Tuchel outlines why Chelsea signed Saul on loan
We use your sign-up to provide content in ways you’ve consented to and to improve our understanding of you. This may include adverts from us and 3rd parties based on our understanding. You can unsubscribe at any time. More info
Ross Barkley was once heralded as the “next Wayne Rooney” after wowing coaches as a youngster for Everton. It earned him a transfer to Chelsea but, aside from the odd highlight, it has been tough for the midfielder to adjust to life at Stamford Bridge as he hit a new low this season.
“He will be somebody that the England team will rely on. At the moment, they rely on Wayne Rooney but I think that will be Ross in the future.”
Some high praise indeed back in 2014 – from his Everton teammate Romelu Lukaku no less.
The two have been reunited this summer after Chelsea forked out a club-record £97m for the Belgian striker – but he isn’t comparing Barkley to Wayne Rooney anymore.
Rewind to the 2011/2012 when the Liverpool-born ace had just turned 18 and the plaudits streamed in.
Tim Cahill said: “He is the most talented footballer I have worked with.”
Martin Keown said: “Barkley will be one of the best players we will ever see in this country.”
Everton fans loved him but that quickly turned sour when he told the club he would not sign a new contract and tried to push for a move away with Tottenham, Arsenal and Chelsea all interested.
It was the latter that ended up signing him on the 5 January, 2018, signing a five-and-a-half-year contract and given the No. 8 shirt.
But under Antonio Conte’s strict regime and rigid tactical system, it was a bad time to move to Stamford Bridge for the England international.
Barkley’s swashbuckling style was not one that the Italian enjoyed, instead preferring the likes of N’Golo Kante, Cesc Fabregas and Tiemoue Bakayoko, while further forward Willian, Eden Hazard and Alvaro Morata were lodged in as starters.
The Blues were in a state of turmoil, as well, after Conte fell out with Roman Abramovich and the whole season felt like a long goodbye – especially after the manager and his staff refused to even converse with their English-speaking counterparts.
Barkley played just twice in the Premier League, both 3-0 thumpings from Bournemouth and Newcastle where he failed to see out the full match, while a hamstring injury hindered him throughout the season.
After not playing a single minute for Everton earlier in the season, it was a real campaign to forget for the once-tipped star despite getting his dream move to a big club.
There was hope, though, when Maurizio Sarri replaced Conte and gave Barkley his best season for the Blues, playing 48 times across all competitions.
However, despite winning the Europa League, it was not the breakout campaign he had hoped for – Chelsea fans will chuckle now about the number of times he and Mateo Kovacic would swap places from bench to pitch on a weekly basis.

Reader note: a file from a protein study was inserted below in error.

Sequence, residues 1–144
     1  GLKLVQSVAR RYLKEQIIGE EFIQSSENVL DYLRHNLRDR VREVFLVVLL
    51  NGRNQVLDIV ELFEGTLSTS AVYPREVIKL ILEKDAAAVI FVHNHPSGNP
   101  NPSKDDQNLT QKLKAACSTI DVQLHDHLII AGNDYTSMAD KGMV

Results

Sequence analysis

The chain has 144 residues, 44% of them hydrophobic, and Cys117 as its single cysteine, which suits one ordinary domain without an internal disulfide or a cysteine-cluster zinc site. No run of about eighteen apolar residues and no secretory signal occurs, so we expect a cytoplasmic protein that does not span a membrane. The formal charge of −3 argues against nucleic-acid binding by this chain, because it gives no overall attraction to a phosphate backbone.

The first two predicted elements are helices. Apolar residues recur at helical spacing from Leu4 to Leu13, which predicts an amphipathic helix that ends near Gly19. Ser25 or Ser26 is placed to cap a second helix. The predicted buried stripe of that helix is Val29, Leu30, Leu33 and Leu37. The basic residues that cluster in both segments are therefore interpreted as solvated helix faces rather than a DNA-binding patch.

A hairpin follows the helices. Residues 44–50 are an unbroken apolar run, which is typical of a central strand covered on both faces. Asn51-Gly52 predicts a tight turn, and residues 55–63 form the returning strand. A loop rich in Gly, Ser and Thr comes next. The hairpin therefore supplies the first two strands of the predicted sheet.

Then the man whose shirt he wore came in – Chelsea legend Frank Lampard – and there was a sense that if he could learn from the main man, there would be a Barkley renaissance.
But, again, Barkley failed to convince and he scored just once in the Premier League while playing a miserable role in Chelsea’s 6-0 demolition at the hands of Manchester City – a game that was over after just 25 minutes when Ilkay Gundogan netted a fourth.
Off the pitch incidents also did not help the situation when two moments were caught on film by onlookers – one involving the police as he stumbled out of a taxi after dropping chips all over the floor and refusing to pay.
The Englishman never truly recovered from that and was sent out on loan to Aston Villa where, initially, he looked the real deal playing alongside Jack Grealish under Dean Smith – helping them to a famous 7-2 victory over Liverpool.
That early-season promise gave way to mediocrity and, eventually, Smith just left Barkley out of the set-up entirely and demanded a new midfielder in January, signing Morgan Sanson from Marseille.
Around the same time, Lampard was sacked at Chelsea and Tuchel arrived, bringing back the wing-back system that ultimately saw Barkley ostracised at Chelsea under Conte – another hurdle to come in a minefield of problems.
The German manager is very precise with his midfielders with Barkley failing to deliver on any of the attributes he demands from those positions.
Does he have the defensive acumen to cover space as a No. 6? Can he press and run the channels as a further-placed No. 10? No. It has led to a brutal statement from Tuchel, telling the former Evertonian that his days might just be numbered – especially after the arrival of Saul Niguez.
“He is also asking himself the same questions and maybe all of us here, to be honest, don’t have the answers,” the former PSG boss said. “I’m sure that he himself worries a lot about the situation. How can it come so far that right now I’m like in between the chairs and don’t really know where I belong and what my role is?
“I don’t have these answers because I don’t follow him long enough and don’t know him long enough. He does not have to love the situation, but he needs to accept it in a positive way.”
Without any clubs interested in him over the summer and now a season in the reserves to contend with, the road back to stardom is a long one, but still aged just 27, Barkley has the time and ability to turn his situation around.
Source: Read Full Article